• Released Thursday, April 26th, 2018
  • Updated Tuesday, May 1st, 2018 at 12:00AM
  • ID: 40349


The Rossi X-ray Timing Explorer

The Rossi X-ray Timing Explorer, named after MIT astronomer Bruno Rossi, probed the physics of cosmic X-ray sources by making sensitive measurements of their variability over time scales ranging from milliseconds to years. How these sources behave over time is a source of important information about processes and structures in white dwarf stars, X-ray binaries, neutron stars and black holes. RXTE launched on Dec. 30, 1995, atop a Delta II rocket into low-Earth orbit (600 km altitude and 23-degree inclination). RXTE could maneuver quickly to point its instruments at a source, which allowed it to study short-lived or new sources as they were discovered. With instruments sensitive to a wide range of X-ray energies (from 2,000 to 250,000 electron volts), RXTE operated for 16 years before being decommissioned in 2012; the satellite re-entered Earth’s atmosphere on April 30, 2018. The astronomical community has recognized the importance of RXTE research with five major awards. These include four Bruno Rossi Prizes (1999, 2003, 2006 and 2009) from the High Energy Astrophysics Division of the American Astronomical Society and the 2004 NWO Spinoza Prize, the highest Dutch science award, from the Netherlands Organization for Scientific Research.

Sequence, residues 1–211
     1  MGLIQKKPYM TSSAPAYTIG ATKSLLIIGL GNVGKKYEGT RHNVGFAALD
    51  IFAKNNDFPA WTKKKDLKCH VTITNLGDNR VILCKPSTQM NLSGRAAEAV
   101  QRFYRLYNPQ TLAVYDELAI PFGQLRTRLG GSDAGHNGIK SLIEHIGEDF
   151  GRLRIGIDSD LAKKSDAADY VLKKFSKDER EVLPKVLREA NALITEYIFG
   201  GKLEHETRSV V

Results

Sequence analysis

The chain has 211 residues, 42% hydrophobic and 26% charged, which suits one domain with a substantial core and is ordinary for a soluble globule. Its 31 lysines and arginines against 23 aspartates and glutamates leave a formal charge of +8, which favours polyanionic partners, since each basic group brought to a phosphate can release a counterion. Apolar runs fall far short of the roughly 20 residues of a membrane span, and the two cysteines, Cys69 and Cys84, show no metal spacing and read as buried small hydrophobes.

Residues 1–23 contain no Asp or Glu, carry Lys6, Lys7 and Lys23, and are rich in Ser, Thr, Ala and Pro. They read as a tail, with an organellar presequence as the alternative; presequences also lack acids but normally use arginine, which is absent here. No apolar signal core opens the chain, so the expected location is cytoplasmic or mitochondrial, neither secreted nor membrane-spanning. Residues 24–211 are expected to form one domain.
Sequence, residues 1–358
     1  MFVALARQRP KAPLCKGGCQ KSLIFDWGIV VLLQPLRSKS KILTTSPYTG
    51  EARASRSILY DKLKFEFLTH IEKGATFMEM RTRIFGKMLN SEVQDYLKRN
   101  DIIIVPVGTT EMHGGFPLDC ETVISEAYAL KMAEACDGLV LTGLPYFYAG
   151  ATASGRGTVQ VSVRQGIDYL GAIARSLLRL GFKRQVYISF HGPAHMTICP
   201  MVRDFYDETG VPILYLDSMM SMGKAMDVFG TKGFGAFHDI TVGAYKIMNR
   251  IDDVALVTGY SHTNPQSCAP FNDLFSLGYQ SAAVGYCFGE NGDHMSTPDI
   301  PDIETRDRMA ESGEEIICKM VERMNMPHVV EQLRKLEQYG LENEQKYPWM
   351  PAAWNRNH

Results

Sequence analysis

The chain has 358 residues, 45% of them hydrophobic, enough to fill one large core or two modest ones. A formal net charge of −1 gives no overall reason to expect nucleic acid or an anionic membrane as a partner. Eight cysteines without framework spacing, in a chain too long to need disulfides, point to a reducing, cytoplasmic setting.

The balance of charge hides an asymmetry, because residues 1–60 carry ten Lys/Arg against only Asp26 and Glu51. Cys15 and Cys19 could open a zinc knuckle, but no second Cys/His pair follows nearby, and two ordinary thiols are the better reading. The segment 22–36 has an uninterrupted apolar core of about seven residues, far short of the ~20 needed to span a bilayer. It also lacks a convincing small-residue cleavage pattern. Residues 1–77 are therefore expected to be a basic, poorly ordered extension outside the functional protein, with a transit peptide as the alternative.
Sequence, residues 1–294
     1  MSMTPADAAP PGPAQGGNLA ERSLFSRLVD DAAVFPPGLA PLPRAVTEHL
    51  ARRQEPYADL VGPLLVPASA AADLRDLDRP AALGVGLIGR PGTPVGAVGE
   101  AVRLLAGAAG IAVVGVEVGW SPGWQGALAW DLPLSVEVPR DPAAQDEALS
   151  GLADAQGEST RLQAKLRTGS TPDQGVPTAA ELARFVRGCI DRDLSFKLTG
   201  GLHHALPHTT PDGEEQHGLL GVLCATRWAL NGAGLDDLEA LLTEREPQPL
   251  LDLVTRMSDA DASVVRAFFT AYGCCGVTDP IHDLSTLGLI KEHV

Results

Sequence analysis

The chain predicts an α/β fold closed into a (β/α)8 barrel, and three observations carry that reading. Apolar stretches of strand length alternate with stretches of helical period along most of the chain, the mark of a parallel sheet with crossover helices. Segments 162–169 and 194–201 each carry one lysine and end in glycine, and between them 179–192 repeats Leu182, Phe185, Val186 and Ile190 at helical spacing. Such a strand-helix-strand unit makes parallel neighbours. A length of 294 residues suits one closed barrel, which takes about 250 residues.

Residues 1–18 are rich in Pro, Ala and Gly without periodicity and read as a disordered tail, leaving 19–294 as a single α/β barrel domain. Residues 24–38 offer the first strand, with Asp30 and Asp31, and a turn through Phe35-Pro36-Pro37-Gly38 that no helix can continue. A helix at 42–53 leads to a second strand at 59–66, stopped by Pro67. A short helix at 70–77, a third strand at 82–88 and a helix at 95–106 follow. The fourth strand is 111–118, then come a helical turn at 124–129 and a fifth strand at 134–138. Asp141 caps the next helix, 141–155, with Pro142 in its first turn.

Additional RXTE highlights

Rossi X-ray Timing Explorer Learning Center

Multimedia stories including RXTE results